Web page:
Skip to content

Darmstadt Review II: Niklas Seidl

October 23, 2012

Our other major premiere at Darmstadt was a Staubach Honoraria commission from German composer Niklas Seidl. Completely unknown in the UK, he works in Cologne as a composer, cellist and ensemble leader. His work is interdisciplinary, provocative and witty, and his piece for us, Animal Testing, saw five singers lined up at desks, each with a laptop, tape recorder or megaphone, frantically following commands fed to them through earpieces. It was quite disturbing, a bit mystifying and funny – all intentional. We hope to bring this piece to the UK in 2013.

I caught up with Niklas in September to ask him more about his work.

Your Staubach Honoraria commission for us this year, ‘Animal Testing’, was quite intriguing: can you describe the piece and the ideas behind it?

When Thomas Schäfer from the IMD asked me, if I could imagine to write for singers, I spontaneously said, I’d rather not to. Just because it is very difficult to write for singers and I think there are only a few good solutions from contemporary composers dealing with the classical beauty and sonority of a voice, that also has much more connotation to semantics and concreteness than instruments do. Especially for me, who is, at the moment, very interested in microtonal melodies and chords. I found it hard to project that on singers (who definitely can sing microtonal, but it always has the aura of a chromatic, in other words “round” sound) and would not want to try out special noises with the singers. All these reason gave me the reason to say: yes, I want to write a piece for singers, this will be a challenge. I know, that these kinds of challenges can be very childish and boring (as with composers who write for piano, only using the keys. that is more a kind of a sport for musicologists and “Tonsetzer”), but I had something in mind, that could work.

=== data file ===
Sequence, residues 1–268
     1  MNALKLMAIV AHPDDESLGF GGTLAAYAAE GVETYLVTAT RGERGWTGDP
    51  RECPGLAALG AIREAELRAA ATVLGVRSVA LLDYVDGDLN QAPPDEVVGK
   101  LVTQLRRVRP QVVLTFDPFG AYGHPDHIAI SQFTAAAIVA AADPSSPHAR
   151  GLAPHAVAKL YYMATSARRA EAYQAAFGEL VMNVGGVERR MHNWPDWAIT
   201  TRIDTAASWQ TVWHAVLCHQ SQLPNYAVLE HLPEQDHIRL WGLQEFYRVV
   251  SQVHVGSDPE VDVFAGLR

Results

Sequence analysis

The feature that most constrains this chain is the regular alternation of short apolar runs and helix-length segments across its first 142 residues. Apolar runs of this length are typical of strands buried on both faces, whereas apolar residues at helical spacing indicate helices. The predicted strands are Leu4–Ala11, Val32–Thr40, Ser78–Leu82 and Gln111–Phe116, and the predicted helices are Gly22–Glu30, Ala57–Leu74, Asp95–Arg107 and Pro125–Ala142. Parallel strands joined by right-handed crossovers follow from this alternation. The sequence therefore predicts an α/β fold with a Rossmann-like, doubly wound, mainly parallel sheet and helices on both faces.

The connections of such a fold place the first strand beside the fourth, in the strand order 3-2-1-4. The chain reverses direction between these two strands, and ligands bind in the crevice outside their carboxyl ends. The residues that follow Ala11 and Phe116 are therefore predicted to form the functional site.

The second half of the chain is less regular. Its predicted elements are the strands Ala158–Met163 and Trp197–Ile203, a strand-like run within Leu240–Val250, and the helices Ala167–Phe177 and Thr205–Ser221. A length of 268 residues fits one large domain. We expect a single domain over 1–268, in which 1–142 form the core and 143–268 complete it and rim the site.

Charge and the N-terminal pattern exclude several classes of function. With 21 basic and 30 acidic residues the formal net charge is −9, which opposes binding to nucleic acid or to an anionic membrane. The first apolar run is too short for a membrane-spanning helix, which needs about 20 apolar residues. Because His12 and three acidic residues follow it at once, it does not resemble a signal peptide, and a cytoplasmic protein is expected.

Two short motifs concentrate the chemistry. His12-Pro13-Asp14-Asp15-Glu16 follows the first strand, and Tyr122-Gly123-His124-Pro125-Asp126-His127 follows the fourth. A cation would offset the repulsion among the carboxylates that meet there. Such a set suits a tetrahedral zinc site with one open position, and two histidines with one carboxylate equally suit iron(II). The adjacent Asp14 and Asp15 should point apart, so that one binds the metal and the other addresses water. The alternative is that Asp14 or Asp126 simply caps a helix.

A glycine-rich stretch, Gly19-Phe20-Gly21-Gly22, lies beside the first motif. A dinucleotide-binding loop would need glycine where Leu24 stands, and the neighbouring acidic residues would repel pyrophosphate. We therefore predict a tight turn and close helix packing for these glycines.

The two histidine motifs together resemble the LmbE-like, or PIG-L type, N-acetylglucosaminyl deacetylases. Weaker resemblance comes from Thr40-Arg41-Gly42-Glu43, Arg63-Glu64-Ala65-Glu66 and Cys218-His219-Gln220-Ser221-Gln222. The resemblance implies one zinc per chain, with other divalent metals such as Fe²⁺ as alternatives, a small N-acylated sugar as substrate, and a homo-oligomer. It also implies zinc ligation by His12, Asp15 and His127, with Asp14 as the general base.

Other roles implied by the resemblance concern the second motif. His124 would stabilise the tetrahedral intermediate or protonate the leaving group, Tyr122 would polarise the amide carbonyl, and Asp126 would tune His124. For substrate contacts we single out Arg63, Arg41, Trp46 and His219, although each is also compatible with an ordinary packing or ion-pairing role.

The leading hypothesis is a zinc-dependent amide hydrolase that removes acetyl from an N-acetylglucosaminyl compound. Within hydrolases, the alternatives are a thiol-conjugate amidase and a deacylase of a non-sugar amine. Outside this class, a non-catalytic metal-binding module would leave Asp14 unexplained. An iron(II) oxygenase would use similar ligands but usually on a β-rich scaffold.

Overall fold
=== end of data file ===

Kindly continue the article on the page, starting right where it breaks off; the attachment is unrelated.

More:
I decided to do samples of the singers and used them in a program, where they would produce their samples on a laptop-keyboard, playing these samples in different microtonal ways. this way, I had a prefixed instrument (like a piano) as well as the human aura (especially in the lowest and highest register, one could hear the characteristics of the individual singers very well.

Three of the five performers had these laptops, one used an old cassette-recorder to record himself and playback the material, the other one had a megaphone.

All of the singers had headphones, which would tell them via auditive commands, what to do. They either had to speak texts simultaneously, produce sounds from the sampler (specified by key) or do continuous hitting-movements with the finger or fist on several surfaces. They only had a score written on paper for the last 40 seconds of the 12-minute piece.

With this setup, the singers seemed like a medium, reproducing several kinds of secrets, that only they would hear on the headphones. Also in a classical sense a musician is a medium (either of a written score or his own feelings, for example in improvisations) and in this piece I exaggerated the idea of reproduction to different levels: the pre-produced medium of the sampled voice, the human being itself and the additional machines like cassette-player and megaphone.

Your pieces often seem to enjoy using short, disconnected sounds of quite different (and quite surprising) types, put together into unexpected juxtapositions. Can you say something about your main compositional interests and aesthetic? 

I hope that I do have different ideas and interests in my pieces, but there definitely is a main importance, which can be characterised by unexpected juxtapositions. I am interested in musical history and material as well as in the troubles of daily life, which could lead to a music like John Cage made. but I am more interested in really composing these different ideas very precisely to discover the beauty of different levels of quality. As an image, one could imagine for example a nice candlelit dinner-table with exotic fruits on it, then some toothless people in sports dress sitting on the table, listening to jazz music, played on a toy piano and watching a horror movie on TV. But all these details (just to mention a few of such a nice image) are not randomly set, but a precisely chosen juxtaposition, thus also connection.